Snippet 01 – Labels and Such

With the pleasantries out of the way and the thorny issue of my name well and truly covered – I hope! – in Reveal 01 – Propernounaphobia, I’ll turn my attention to information of a more general nature. Something more loosely autobiographical, possibly, but I feel like a bit of an egomaniac even using the term, so let’s call it ‘general, mostly useless, and unsolicited information of the personal variety covering various stages of my existence.’ And seeing as how that’s not even the slightest bit cumbersome as far as descriptive terms go, let’s acronymise it and call it a GMUUIPVCVSME. As The Great Master Time steadfastly refuses to stop ticking, I’ll ask you to consult Google for the pronunciation key, and, with the housekeeping out of the way, I’ll end this painfully droll digression and move on to the juice.

I’m – nay, we’re – moving away from labels a little. As the medical model, the talking cure, and every other form of treatment, have grown up, they’ve recognised the value in not assigning people to categories and leaving them floundering there forever more. He’s bipolar, so he’s a maniac. She’s schizophrenic and thus dangerous. He has autism, ergo he can never fit in and so we’ll treat him differently all the time and exacerbate the problem. Much has been written about this departure from broad-stroke categorisation of mental maladies, and sadly, a great deal more needs to be written, for, as ever, we’re inching rather than leaping towards Progress.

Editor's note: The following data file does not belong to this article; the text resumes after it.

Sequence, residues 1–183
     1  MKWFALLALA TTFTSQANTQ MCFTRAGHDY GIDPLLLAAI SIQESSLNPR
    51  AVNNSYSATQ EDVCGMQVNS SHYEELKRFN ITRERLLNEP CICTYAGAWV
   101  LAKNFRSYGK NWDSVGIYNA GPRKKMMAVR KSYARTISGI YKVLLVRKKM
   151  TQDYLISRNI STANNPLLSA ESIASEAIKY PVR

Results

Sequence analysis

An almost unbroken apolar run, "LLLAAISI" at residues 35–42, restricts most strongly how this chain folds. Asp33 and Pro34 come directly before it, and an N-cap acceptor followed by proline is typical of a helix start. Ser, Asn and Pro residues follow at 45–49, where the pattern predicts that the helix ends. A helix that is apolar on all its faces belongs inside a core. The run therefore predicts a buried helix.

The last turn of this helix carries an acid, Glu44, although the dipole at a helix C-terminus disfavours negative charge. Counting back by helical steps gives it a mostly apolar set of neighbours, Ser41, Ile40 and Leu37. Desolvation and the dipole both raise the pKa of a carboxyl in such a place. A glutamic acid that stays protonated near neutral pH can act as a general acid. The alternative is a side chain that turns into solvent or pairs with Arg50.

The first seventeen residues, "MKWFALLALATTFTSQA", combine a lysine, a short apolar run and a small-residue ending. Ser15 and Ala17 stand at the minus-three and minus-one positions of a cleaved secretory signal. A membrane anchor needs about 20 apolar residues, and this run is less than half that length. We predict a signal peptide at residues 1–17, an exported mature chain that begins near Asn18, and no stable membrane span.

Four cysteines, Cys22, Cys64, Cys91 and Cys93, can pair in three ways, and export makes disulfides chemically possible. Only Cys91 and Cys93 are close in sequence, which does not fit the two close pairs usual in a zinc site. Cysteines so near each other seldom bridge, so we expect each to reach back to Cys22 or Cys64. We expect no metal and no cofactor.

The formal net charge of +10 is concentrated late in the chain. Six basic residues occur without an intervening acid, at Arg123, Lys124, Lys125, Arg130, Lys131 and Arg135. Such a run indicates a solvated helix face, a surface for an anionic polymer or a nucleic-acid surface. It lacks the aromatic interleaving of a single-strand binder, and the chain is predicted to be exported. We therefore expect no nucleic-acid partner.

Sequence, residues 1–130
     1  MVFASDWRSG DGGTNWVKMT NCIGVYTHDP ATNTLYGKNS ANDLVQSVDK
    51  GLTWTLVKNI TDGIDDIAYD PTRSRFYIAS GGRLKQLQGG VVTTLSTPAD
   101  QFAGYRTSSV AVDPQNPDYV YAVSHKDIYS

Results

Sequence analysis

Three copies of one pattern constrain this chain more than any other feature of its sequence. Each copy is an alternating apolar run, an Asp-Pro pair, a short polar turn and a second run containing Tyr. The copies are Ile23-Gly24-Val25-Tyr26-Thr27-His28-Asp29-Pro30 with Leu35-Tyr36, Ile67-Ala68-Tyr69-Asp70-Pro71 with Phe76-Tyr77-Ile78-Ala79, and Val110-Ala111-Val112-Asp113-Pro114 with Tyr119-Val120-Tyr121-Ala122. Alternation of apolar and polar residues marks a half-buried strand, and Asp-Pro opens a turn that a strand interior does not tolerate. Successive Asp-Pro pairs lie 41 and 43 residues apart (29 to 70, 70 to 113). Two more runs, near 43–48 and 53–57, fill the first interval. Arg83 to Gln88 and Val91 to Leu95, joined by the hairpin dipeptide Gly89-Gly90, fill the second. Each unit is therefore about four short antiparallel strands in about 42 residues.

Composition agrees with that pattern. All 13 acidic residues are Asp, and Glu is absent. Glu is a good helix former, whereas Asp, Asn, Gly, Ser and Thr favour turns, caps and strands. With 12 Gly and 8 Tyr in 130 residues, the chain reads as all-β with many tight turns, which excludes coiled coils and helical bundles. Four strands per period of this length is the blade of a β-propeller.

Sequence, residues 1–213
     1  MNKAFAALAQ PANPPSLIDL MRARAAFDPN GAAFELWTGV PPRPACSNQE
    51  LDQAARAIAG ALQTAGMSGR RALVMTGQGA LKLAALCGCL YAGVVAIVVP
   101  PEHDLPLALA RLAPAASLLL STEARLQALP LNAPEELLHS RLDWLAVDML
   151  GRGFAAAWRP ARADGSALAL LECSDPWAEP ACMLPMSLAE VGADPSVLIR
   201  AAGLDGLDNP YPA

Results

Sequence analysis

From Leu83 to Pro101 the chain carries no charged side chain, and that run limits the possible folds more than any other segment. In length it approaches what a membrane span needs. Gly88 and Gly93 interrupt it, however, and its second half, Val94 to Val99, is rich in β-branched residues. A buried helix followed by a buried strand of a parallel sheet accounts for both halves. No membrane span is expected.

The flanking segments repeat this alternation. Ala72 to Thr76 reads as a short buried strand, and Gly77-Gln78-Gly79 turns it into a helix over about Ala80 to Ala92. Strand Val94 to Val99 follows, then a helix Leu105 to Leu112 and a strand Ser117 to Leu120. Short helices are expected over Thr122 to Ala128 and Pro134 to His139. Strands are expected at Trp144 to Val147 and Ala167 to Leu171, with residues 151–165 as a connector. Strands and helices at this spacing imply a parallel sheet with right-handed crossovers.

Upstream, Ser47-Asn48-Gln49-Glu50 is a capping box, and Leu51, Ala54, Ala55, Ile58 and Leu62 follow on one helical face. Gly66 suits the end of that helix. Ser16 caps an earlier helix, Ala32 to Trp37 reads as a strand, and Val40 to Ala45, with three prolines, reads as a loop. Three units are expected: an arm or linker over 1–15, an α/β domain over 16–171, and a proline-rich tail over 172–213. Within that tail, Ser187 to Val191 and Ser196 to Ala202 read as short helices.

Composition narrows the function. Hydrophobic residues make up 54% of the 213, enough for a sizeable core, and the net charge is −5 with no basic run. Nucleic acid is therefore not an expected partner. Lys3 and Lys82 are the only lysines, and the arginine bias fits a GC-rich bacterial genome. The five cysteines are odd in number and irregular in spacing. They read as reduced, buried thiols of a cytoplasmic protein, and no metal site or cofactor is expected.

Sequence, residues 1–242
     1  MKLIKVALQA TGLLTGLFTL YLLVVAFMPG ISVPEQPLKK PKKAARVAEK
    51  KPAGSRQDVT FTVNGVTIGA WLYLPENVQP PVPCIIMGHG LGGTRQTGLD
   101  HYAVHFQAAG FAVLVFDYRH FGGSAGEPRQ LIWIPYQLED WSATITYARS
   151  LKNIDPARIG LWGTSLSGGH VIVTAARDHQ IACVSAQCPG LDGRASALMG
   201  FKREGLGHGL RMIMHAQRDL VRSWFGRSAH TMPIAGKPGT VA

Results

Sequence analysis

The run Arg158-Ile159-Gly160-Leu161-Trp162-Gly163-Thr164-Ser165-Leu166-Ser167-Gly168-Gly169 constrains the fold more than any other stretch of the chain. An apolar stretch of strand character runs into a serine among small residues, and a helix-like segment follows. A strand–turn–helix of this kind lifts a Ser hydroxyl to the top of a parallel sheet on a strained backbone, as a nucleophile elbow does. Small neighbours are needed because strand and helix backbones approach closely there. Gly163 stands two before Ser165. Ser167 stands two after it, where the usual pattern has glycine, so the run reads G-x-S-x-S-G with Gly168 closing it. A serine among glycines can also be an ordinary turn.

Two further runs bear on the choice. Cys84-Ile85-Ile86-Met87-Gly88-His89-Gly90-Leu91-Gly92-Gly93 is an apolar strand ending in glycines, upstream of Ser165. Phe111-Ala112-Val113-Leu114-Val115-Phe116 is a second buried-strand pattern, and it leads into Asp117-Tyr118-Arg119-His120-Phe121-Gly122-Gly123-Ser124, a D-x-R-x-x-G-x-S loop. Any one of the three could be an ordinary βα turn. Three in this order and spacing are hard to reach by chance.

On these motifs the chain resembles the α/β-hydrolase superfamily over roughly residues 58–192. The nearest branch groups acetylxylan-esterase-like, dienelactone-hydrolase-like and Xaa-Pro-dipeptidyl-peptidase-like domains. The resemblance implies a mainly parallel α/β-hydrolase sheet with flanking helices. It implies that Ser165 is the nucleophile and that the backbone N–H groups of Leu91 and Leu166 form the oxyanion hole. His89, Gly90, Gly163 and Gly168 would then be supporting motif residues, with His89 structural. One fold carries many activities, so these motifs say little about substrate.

Credit where credit is due, however, and although I am not in the slightest bit convinced by some of the alternative approaches – above referred to as ‘every other form of treatment’ – out there, it must be noted that they were always reticent to pigeon-hole people in the way that the medical model and the talking cure are/were so fond of. Not, mind you, that I’m entirely convinced by any one approach; multidisciplinary approaches look by far the better option. But yes, these labels, these linguistic crosses hoisted during tempestuous conditions upon the backs of souls already creaking under the weight of their own woes…are these cursed labels any good? Are they any good to me?